While it’s easy to lose track of this subject when the members of Congress (and the media) have so much else on their plates these days, the House and the Senate have continued to work on new legislative language regarding the Pentagon’s investigation into the strange objects being seen in the skies over our restricted military airspace. But it’s no longer just the skies. As the always-reliable research journalist Douglas Dean Johnson recently reported, multiple defense and intelligence bills are currently moving quickly out of the appropriate committees and heading for floor votes where they are expected to pass with little or no objection. One such bill that Johnson highlights redefines the meaning of UAP (formerly Unidentified Ariel Phenomena) to be, “unidentified aerospace-undersea phenomena.” The language also includes references to “transmedium” vehicles capable of transitioning from space to Earth’s atmosphere and into bodies of water. Dean’s full analysis at the link is well worth the time to go through.

The Hill tags on Dean’s reporting and brings to light an even more remarkable change. The very definition of a UFO has been altered in a provocative fashion. In addition to listing the various, remarkable capabilities that some of these objects appear to demonstrate, Congress is pointing to one thing that they either are not or we’re not interested in. They specify that the new definition of UFO “excludes man-made objects.” (Emphasis added)

In short, members of a key national security-focused committee believe that objects of unknown origin are demonstrating remarkably advanced technology by moving seamlessly between space, air and water. A report accompanying the legislation notes that “transmedium threats to United States national security are expanding exponentially.”

It strains credulity to believe that lawmakers would include such extraordinary language in public legislation without compelling evidence. Perhaps members have seen the classified sensor data that prompted former President Trump’s director of national intelligence to state that UFOs exhibit “technologies that we don’t have [and] that we are not capable of defending against” (among several other eyebrow-raising comments).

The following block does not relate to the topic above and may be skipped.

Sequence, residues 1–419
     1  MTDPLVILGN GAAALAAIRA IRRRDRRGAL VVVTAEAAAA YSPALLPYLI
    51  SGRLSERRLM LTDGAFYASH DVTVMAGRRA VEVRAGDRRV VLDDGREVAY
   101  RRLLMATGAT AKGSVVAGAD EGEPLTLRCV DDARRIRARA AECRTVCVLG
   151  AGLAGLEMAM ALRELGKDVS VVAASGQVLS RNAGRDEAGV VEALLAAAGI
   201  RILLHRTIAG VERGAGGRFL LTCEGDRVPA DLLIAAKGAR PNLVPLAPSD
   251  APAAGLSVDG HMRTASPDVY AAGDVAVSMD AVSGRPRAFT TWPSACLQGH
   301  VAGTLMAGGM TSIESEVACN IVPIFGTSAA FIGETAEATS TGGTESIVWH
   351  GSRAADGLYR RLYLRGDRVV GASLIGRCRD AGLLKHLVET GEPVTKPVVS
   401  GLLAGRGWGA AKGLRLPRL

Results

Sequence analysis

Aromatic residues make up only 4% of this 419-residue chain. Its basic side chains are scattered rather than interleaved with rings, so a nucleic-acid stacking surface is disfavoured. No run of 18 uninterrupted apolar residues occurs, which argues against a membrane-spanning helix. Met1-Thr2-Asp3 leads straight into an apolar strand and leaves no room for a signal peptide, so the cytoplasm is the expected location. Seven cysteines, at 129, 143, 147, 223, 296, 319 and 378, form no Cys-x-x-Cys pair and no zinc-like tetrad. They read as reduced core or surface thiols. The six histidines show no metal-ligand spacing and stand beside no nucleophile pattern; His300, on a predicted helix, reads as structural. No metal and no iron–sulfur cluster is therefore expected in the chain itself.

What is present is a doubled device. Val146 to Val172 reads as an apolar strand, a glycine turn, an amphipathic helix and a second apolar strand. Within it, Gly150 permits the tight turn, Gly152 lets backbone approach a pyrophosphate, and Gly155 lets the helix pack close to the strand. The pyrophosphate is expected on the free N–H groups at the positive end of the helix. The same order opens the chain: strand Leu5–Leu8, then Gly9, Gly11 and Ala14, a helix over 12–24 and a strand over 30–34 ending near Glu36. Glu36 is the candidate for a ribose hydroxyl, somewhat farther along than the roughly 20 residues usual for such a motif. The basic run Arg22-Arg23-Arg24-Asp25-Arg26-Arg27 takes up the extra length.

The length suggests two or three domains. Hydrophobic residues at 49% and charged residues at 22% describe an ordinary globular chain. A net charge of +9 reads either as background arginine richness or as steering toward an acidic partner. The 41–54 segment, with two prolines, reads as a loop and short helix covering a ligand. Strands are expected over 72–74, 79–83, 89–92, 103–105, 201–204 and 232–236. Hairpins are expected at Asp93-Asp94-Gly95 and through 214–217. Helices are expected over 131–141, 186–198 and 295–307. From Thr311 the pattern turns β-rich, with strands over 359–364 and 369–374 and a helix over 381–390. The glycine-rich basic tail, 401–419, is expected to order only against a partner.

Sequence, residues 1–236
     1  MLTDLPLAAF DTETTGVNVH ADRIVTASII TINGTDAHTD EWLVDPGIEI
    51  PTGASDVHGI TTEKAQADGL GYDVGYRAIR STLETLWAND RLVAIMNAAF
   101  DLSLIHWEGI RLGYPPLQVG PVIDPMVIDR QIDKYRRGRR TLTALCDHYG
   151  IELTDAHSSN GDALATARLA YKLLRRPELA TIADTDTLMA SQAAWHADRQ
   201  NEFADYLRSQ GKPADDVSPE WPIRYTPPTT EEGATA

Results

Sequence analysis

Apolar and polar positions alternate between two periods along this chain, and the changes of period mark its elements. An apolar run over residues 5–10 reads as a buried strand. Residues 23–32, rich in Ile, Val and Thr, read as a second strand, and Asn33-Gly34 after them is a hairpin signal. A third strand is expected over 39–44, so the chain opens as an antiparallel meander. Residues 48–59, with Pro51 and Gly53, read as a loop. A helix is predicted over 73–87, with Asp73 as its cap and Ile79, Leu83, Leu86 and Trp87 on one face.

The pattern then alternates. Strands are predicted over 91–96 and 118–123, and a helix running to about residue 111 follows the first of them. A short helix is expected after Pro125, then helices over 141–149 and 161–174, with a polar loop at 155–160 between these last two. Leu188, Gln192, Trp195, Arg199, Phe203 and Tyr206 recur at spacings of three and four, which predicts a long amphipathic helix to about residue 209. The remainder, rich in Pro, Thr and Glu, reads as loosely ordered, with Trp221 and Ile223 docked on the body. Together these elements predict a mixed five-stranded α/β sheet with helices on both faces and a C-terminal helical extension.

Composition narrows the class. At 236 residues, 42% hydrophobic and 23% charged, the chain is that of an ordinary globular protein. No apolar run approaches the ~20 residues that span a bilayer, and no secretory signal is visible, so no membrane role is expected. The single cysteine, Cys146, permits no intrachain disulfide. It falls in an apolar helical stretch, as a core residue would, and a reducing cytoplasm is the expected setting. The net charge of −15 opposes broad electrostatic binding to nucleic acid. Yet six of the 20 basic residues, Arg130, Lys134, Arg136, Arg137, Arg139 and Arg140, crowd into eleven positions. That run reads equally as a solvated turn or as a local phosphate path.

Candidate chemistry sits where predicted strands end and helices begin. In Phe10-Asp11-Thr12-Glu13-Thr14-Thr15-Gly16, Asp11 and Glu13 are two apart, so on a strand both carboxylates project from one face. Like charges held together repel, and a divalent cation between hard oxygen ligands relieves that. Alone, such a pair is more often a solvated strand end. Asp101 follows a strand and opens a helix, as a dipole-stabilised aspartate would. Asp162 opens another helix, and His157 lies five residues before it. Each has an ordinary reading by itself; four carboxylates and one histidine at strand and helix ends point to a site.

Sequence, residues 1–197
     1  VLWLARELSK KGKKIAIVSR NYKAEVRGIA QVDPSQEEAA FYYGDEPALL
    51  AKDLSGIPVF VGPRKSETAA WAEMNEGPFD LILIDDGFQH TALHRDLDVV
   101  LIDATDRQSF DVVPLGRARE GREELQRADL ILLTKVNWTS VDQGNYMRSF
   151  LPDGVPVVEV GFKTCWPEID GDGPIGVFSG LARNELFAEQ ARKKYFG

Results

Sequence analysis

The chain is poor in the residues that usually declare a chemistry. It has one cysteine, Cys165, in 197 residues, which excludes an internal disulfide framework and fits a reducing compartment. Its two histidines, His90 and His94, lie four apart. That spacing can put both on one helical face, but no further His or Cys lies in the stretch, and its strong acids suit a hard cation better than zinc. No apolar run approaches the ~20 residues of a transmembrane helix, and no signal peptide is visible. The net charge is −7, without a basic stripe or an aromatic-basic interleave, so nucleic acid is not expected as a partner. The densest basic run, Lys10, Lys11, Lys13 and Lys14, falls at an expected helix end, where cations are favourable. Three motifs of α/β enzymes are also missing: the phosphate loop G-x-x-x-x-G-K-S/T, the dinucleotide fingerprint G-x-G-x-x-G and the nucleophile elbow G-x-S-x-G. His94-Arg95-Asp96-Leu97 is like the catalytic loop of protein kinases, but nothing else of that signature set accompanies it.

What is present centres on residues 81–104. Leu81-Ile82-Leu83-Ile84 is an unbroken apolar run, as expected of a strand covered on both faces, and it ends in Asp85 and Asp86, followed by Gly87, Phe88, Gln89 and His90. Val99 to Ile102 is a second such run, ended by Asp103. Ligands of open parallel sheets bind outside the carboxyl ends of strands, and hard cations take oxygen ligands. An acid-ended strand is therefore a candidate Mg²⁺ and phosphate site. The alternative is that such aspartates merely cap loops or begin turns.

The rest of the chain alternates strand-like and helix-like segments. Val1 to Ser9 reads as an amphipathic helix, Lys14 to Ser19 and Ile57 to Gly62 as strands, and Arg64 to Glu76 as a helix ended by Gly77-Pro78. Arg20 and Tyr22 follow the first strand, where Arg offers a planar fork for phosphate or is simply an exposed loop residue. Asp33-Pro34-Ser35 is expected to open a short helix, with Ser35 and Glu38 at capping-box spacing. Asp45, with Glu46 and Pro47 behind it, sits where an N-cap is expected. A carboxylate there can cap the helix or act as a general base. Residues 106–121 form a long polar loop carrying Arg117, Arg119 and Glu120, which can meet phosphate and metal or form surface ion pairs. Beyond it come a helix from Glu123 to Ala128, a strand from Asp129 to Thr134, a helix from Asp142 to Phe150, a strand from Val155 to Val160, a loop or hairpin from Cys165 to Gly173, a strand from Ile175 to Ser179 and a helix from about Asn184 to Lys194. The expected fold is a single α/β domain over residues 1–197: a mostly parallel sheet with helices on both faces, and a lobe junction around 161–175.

Most strikingly, Congress’s new definition of “UFO” excludes “man-made” objects.

It’s not a definitive statement that ET is phoning home, but it’s not far from it. After all, if some of these objects buzzing around near our nuclear facilities are technological in nature – as some of them clearly seem to be – and they are not “man-made,” then who or what made them? Women? We can probably rule that out since not many people in Washington these days can even say what a woman is with any confidence. So who else does that leave? Dolphins? That’s a pet theory of mine, but there is no evidence to support it.

Are the members who are crafting this legislation ready to simply rip off the bandaid and say the four famous words from the halls of ufology aloud? (We. Are. Not. Alone.) That might seem remarkable, but we’ve been seeing a large volume of remarkable news items on this subject showing up over the past few months.

For the longest time, you couldn’t get an elected official to whisper “UFO” in public. It was considered career suicide. Then, after the public revelation of the AATIP program, the UAP Task Force, and the latest activities being pried out of the Pentagon, things began to change. Describing unknown objects as a potential national security or at least air safety threat gave members of Congress cover to begin taking the matter seriously. But now the volume has really been turned up.

We’ve had members of congress coming out and flatly accusing the Pentagon of a coverup regarding UFOs. Others have openly speculated about the existence of crashed nonhuman technology in the possession of the military or – more likely – some defense industry contractor such as Lockheed. Some of the new congressional language that Dean highlights demands searches for hidden government programs and investigations into whether or not the Pentagon has been engaged in activities and potentially spending taxpayer money with no congressional oversight whatsoever. Another bill calls for historical research into the history of UFO sightings dating back specifically to 1947. (For those not familiar, that’s when the alleged Roswell crash took place.)

Yes, we’re clearly moving into uncharted waters here. And assuming all of this legislation goes through in a bipartisan fashion as expected, it’s probably only going to get stranger as we go. And I, for one, couldn’t be happier.

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